Variation is a prerequisite for natural selection to work

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A note for Lesson no. 6, "Brains Make More Than One Kind of Mind," in Seven and a Half Lessons About the Brain by Lisa Feldman Barrett.
Some context from page 101‌ is:

One of Charles Darwin’s greatest insights was that variation is a prerequisite for natural selection to work.

The appendix adds:

Darwin’s idea about variation, known as population thinking, is one of his greatest innovations, according to the evolutionary biologist Ernst Mayr.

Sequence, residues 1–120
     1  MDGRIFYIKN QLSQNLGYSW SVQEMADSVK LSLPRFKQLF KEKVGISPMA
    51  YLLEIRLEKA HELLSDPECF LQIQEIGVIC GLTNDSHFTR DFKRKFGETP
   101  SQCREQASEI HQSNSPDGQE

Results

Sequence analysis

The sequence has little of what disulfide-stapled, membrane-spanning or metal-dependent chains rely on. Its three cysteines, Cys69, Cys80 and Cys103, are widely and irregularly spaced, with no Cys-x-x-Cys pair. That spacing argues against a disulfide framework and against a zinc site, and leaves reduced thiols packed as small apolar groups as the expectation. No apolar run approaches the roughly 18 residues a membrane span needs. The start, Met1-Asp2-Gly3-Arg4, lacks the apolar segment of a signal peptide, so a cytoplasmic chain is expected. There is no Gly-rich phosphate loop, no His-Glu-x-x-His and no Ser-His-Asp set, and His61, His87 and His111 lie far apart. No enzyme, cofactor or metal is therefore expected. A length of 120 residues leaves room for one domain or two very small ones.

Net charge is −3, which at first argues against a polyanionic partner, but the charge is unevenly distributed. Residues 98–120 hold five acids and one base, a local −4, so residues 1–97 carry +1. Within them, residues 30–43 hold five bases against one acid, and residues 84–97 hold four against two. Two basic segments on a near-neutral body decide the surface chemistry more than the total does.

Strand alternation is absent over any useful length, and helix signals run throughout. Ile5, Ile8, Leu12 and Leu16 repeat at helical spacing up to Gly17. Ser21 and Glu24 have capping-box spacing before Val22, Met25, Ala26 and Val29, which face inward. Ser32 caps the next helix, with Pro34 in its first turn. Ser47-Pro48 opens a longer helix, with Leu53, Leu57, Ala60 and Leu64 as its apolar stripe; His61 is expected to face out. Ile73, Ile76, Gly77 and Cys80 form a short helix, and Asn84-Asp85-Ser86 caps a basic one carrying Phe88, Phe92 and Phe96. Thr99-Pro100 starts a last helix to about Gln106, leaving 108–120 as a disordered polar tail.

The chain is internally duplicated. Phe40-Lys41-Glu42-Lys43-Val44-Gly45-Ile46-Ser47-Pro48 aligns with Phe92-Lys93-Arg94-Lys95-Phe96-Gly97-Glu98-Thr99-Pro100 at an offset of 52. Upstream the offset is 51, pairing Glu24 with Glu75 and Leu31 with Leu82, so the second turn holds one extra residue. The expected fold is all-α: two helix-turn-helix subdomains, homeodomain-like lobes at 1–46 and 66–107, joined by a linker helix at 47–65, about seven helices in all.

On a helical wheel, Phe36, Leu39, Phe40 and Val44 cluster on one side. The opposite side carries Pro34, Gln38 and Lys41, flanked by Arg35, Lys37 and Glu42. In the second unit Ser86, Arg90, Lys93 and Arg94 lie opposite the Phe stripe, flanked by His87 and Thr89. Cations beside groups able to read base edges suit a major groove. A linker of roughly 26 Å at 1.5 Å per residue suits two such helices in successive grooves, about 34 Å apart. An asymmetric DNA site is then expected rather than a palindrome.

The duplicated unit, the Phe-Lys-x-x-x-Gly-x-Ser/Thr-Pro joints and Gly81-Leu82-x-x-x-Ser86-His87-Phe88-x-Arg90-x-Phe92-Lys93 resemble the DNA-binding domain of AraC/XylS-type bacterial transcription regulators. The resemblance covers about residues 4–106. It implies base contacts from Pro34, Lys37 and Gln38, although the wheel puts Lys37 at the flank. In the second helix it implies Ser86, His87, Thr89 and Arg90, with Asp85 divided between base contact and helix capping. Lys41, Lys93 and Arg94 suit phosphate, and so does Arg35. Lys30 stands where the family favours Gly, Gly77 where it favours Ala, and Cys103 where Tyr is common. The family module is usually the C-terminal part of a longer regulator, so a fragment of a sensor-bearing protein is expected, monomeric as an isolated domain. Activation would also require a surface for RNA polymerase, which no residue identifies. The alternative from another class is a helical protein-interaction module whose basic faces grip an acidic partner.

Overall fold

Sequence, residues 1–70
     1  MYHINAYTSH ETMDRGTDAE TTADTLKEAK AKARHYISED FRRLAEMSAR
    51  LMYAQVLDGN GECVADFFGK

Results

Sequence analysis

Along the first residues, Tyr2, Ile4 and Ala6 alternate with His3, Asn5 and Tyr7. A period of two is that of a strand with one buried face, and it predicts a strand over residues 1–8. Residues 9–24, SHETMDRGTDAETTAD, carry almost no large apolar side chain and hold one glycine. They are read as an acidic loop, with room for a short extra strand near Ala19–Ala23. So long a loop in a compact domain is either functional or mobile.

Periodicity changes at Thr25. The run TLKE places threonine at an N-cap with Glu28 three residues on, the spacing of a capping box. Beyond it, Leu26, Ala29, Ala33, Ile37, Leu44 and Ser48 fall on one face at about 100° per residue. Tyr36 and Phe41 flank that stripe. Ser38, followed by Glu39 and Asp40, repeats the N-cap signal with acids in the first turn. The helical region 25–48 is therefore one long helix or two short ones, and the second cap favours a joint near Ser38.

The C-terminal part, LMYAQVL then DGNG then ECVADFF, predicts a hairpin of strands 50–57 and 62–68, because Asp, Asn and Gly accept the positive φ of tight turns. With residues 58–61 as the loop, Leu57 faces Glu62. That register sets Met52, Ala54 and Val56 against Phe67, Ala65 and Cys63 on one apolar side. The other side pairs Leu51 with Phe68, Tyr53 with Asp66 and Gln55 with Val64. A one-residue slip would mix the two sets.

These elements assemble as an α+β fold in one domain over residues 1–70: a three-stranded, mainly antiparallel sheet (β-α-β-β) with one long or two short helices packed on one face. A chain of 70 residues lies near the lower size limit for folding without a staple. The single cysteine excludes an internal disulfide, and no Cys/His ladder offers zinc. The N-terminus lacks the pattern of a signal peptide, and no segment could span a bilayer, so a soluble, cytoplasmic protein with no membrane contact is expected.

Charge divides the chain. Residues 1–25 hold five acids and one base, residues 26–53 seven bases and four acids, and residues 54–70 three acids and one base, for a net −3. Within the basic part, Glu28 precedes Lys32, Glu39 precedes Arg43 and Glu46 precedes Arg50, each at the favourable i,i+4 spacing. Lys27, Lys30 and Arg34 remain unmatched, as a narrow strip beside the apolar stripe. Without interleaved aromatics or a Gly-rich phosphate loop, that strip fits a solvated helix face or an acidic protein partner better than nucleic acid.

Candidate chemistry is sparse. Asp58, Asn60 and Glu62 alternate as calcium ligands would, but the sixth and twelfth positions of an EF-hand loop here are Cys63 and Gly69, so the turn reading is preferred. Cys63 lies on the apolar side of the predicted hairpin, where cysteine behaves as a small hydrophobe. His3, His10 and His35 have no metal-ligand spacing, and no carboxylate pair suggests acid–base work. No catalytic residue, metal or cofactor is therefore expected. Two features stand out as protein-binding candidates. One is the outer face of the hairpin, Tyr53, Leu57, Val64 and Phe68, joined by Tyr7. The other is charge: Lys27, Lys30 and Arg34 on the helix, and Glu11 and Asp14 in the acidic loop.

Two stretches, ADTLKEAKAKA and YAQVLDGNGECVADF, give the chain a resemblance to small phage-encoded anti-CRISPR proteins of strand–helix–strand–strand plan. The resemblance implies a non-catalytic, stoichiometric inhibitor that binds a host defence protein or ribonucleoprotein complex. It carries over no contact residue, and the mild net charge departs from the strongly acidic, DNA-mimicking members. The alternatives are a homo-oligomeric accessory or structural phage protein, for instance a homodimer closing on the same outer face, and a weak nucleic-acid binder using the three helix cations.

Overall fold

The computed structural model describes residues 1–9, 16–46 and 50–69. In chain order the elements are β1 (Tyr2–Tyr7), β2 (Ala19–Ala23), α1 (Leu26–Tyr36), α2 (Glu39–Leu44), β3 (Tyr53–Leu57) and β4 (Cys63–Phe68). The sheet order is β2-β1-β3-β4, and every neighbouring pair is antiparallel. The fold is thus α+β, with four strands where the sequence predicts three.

See these references.[1][2]

Additionally, degeneracy (lesson no. 1) provides a hidden reservoir of variation for natural selection to act on and contributes to the evolvability of our species.

More on population thinking

This lecture, which I presented at the American Association for the Advancement of Science, explains the basics of population thinking and its application to scientific research.



  1. Mayr, Ernst. 2007. What Makes Biology Unique? Considerations on the Autonomy of a Scientific Discipline. Cambridge, England: Cambridge University Press.
  2. Mayr, Ernst. 1988. Towards a New Philosophy of Biology: Observations of an Evolutionist. Cambridge, MA: Harvard University Press.